Party leaders put planet above politics with new climate agreement
David Cameron, Ed Miliband and Nick Clegg have made it a Valentine's Day to remember by signing a cross-party pledge to tackle climate change.
The agreement includes commitments to an internationally binding deal at Paris 2015, a promise to end unabated coal power generation and a pledge to agree a Carbon Budget in accordance with the Climate Change Act.
The agreement follows the close of the first international climate summit of 2015, in Geneva, where delegates produced the first draft of a possible "Paris Agreement" which will be negotiated throughout the year, before being agreed in the French capital in December.
It follows the launch of The Climate Coalition's Show the Love campaign which encourages people across the UK to wear green hearts on Valentines Day and share the thing they love most that could be lost to climate change.
VIDEO: The Climate Coalition: A Simple Love Poem
The agreement was brokered by Green Alliance supported by Christian Aid, CAFOD, Greenpeace, RSPB and WWF.
The announcement has been welcomed by business leaders, politicians and activists around the globe, with Al Gore calling it an example of "true statesmanship".
Former US vice-president Al Gore: "The political courage it represents on all sides is exactly what our world most needs in order to solve the climate crisis. Thank you! Thank you! And thank you!"
Unilever CEO Paul Polman: The importance of this pledge cannot be overstated. In this critical year, both for the international climate change negotiations and the agreement of the sustainable development goals, this statement of cross-party recognition of the importance of climate action, as well as support for a legally binding global deal, sets a terrific example for other countries to follow."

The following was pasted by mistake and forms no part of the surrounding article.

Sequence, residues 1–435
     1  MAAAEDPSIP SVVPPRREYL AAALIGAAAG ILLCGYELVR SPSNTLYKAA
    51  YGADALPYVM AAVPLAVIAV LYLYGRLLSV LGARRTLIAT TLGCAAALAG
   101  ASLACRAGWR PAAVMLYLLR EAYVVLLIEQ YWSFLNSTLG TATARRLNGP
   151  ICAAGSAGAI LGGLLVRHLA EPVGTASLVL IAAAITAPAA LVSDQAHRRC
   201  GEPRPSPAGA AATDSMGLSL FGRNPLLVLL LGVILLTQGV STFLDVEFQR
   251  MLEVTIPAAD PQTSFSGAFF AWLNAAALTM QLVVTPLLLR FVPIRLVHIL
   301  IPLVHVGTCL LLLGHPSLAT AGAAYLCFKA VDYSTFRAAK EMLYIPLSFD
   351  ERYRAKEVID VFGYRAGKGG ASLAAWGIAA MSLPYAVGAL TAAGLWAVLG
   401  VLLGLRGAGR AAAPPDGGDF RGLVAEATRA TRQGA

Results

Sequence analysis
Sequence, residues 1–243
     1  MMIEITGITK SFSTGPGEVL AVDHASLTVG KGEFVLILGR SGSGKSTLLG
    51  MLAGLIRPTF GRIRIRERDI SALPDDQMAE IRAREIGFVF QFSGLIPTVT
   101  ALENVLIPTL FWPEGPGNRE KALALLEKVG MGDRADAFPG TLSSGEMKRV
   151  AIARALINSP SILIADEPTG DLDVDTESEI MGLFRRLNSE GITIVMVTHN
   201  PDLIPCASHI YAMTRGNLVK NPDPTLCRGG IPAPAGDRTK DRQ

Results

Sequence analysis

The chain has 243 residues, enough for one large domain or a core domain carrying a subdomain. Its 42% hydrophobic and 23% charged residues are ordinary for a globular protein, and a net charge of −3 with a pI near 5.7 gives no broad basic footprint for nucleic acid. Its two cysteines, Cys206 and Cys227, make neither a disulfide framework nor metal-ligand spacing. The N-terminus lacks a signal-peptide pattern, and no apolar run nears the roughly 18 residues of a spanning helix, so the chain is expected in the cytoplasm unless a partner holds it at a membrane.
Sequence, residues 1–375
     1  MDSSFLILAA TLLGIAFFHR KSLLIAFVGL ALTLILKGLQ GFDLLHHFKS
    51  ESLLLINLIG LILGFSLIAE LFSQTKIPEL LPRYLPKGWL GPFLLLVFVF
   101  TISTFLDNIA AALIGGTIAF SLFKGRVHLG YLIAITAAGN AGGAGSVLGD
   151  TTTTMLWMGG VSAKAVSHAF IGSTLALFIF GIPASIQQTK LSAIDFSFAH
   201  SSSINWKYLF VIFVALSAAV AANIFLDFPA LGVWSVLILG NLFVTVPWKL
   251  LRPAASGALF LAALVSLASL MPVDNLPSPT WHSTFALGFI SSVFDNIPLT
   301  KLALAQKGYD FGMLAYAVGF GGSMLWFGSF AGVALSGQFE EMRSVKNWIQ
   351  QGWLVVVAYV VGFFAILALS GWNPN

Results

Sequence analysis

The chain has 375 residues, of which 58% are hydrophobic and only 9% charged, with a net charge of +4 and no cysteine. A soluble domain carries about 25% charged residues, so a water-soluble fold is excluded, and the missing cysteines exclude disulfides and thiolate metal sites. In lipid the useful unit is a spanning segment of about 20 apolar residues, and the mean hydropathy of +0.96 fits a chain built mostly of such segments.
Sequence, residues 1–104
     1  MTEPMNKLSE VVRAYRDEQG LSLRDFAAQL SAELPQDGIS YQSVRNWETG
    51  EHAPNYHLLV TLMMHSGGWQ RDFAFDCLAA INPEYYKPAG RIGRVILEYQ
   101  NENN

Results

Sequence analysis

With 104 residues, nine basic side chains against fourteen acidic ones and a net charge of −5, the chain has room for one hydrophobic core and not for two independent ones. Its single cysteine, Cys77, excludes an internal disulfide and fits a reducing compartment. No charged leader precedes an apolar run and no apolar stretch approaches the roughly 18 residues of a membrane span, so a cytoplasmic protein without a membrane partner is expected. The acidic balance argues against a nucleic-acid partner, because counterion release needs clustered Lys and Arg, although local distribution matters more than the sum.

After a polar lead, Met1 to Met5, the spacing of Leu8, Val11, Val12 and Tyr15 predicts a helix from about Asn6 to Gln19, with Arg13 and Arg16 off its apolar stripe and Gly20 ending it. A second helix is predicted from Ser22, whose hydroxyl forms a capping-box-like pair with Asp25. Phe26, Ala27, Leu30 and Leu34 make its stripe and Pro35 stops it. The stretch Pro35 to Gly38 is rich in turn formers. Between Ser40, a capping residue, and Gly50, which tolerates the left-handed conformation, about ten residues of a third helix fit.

Former Conservative leader Lord Howard of Lympne:"I welcome this cross-leader agreement which will send a signal to our partners around the world that the UK is serious about our responsibilities as stewards of the environment."
Public Affairs Committee of the National Federation of Women's Institutes chair Marylyn Haines Evans: "With nearly three quarters of British women saying that tackling climate change cannot be left to future generations, the global leadership shown by the three main UK parties today is a vital step towards making a real difference for future generations, something that's a real priority for WI members."
Aviva CEO Mark Wilson: "As insurers and investors, we are well used to thinking about sustainability in the long term. This statement represents political leadership on a key issue at a crucial time."
Former Lib Dem leader Lord Ashdown: "Consensus is a rare thing in British politics, but this makes agreement even more powerful when it is reached. I applaud party leaders for setting aside their differences to lay out the common ground on climate action that exists between Labour, Liberal Democrats and Conservatives. Investors should take reassurance that the UK will remain on its current path to decarbonise its economy irrespective of who wins the election."
Siemens CEO Juergen Maier: "The low-carbon transition represents a major economic opportunity and a consistent UK policy framework was a crucial factor in Siemens' decision to make a multi-million pound investment in wind turbine production and installation facilities in Hull. This demonstration of cross-party support sends a clear message that the UK remains a good place for global companies to do low-carbon business."